You cherry pick one example average it out over a year and then proclaim you were right while ignoring the 1001 other possibilities, that is fallacious... It's you that can't admit you are wrong and that 1:50 only works on cherry picked examples of your choosing, thus the reason you avoided all my examples above that show your 1:50 rule doesn't work well if at all, how convenient you avoid the multiples examples that show you wrong and stand on your single cherry picked example that is wrong as well...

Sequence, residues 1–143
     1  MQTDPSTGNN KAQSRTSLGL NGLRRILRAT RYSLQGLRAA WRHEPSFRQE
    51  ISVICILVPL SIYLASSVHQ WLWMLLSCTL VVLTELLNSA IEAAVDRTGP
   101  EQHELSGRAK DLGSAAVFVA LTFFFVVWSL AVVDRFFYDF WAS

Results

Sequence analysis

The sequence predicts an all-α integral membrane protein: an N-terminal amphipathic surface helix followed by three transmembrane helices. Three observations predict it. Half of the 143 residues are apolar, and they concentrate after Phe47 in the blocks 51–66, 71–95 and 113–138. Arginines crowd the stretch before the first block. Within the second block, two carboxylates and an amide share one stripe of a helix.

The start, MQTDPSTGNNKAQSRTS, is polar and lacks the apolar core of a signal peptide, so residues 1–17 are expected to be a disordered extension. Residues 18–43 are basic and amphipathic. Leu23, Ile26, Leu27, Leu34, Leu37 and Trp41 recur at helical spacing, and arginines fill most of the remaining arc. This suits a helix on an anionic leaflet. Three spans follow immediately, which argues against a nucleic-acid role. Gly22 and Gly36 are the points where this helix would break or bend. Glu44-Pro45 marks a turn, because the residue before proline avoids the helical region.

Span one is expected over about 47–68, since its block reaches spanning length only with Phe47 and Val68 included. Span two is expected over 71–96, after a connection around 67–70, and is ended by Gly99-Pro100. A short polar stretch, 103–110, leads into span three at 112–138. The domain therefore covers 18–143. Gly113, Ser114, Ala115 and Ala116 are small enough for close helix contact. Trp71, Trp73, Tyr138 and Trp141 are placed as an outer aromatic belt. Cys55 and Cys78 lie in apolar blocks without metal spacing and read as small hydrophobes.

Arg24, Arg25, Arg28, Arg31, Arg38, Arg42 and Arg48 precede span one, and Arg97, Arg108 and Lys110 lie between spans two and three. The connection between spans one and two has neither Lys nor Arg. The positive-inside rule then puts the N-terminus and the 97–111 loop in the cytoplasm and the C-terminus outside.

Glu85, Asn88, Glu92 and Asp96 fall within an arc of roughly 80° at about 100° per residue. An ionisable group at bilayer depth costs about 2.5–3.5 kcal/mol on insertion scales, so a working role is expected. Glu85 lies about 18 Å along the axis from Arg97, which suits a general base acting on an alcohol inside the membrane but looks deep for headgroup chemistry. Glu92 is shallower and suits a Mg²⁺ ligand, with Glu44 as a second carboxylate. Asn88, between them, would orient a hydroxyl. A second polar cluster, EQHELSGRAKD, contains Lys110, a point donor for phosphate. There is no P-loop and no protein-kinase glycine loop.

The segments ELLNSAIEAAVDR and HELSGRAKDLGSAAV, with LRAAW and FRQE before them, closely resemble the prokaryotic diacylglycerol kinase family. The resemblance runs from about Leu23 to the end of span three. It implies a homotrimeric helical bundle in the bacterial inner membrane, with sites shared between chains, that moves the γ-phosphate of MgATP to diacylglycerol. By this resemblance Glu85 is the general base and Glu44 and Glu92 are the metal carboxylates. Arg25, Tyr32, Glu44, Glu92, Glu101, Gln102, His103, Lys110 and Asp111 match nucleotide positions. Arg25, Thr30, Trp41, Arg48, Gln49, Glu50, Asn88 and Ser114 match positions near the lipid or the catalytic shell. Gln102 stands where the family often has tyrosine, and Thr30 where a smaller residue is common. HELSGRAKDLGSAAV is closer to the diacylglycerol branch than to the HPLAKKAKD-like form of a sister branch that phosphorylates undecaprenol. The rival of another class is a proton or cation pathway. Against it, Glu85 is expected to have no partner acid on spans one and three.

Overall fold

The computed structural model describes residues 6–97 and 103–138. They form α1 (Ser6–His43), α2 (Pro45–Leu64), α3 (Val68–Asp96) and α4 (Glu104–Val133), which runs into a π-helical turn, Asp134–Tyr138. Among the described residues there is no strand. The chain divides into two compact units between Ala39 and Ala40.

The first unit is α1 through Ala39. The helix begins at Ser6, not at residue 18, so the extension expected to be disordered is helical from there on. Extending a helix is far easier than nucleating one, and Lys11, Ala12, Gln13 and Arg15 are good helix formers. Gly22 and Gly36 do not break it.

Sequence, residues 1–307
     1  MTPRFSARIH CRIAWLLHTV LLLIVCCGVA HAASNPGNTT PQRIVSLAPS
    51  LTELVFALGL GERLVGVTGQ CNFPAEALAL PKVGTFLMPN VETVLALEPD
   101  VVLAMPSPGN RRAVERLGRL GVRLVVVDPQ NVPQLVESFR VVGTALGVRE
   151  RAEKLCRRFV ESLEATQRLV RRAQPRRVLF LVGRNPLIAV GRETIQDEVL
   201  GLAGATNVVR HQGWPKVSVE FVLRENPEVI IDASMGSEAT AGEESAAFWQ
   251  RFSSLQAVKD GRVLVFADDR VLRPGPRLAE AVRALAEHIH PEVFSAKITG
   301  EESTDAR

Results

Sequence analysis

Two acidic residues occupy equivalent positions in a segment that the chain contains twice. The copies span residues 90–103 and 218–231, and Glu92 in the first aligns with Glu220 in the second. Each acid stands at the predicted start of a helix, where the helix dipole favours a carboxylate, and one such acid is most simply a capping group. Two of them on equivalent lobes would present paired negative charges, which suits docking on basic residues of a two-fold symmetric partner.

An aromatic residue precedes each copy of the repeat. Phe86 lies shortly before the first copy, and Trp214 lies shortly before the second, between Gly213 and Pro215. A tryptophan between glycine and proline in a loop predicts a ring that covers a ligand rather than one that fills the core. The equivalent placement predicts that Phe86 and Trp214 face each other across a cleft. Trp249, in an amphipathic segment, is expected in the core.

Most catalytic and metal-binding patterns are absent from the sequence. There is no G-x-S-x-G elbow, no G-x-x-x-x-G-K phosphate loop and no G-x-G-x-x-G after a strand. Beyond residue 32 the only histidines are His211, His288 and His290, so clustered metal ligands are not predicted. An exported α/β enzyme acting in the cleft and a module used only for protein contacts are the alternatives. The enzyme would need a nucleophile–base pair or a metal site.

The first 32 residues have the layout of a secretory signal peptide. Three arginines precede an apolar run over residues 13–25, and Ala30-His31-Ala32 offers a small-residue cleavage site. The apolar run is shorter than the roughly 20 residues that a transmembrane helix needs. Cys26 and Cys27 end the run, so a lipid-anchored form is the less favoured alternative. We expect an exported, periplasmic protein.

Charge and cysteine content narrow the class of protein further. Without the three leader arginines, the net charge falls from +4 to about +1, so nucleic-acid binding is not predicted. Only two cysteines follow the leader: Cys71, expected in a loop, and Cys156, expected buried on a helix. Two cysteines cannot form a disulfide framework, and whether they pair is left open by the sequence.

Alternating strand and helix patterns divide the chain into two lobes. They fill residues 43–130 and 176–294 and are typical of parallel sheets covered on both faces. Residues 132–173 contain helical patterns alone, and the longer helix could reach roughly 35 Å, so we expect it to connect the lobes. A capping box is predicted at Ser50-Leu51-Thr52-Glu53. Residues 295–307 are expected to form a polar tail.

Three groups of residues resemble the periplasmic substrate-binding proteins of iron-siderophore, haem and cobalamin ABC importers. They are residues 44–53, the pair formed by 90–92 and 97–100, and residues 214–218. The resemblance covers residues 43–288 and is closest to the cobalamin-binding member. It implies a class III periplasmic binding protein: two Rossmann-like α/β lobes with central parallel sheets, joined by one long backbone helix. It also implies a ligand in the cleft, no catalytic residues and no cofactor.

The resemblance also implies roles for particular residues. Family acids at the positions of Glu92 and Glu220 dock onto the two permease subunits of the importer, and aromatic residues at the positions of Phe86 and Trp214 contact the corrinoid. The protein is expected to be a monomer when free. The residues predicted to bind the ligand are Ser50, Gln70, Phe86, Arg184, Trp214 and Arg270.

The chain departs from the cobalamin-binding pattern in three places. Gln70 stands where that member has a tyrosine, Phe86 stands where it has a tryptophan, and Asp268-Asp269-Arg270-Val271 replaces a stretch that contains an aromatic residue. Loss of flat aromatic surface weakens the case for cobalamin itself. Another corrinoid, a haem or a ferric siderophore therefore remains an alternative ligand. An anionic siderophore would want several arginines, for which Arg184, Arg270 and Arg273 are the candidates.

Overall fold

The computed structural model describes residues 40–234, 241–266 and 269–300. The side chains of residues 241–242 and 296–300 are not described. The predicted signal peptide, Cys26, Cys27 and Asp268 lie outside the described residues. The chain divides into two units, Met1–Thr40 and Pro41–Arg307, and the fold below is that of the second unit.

FACT is, I would waste grit and/or I would not be giving enough grit at times if I mixed it 1:50 with my dry feed, as you suggest... You simply can't average out my feed to 100lbs a week and proclaim from your cherry picked example you are correct, that is false dichotomy... Truth be told I never said I fed 100lbs of feed a week or 5200lbs of feed a year that was you averaging the numbers to cherry pick an example... Instead I stated that I feed anywhere from 50-150lbs a week or 2600lbs to 7800lbs a year... Using your 1:50 ratio would result in me potentially shorting the birds about 23-48lbs of grit a year or I might be giving and excess of 56-81lbs of potential waste a year, it's fully dependent on how much dry food I offer and they eat and that amount is simply not static and that is why I posted such a huge range of fee, it's not static, it's not 100lbs a week.. Instead their dry feed consumption varies by the season and even by the day or week, by my mood or by the birds mood at any given time... Heck I don't even know if all my birds eat the dry food that is offered, since they have an alternative, it very well could only be a few birds choosing to eat it and thus it would be wrong to assume those that need the grit were even getting it if it was mixed in the feed... During the summer months they generally only eat about 50lbs a week, fresh food is plentiful, during the winter it varies from 100-150lbs generally, but even sometimes down to the 50lbs like right now they are hardly eating any dry food... There are other times I just get lazy and put them on a full dry ration like during vacations or illness, their dry feed is not a static number so using your cherry picked 100lbs a week induces errors and false calculations... Also when you are talking about a consumable like grit working with averages over a year simply don't work well, they need a steady supply of the proper amount of grit daily over the course of the year, not a supply that varies... Combine that with the simple fact that when they need the grit most when getting higher concentrations of fresh foods your ratio of grit in the dry feed falls flat on it's face by offering them less grit at that time, it's counter productive and backwards...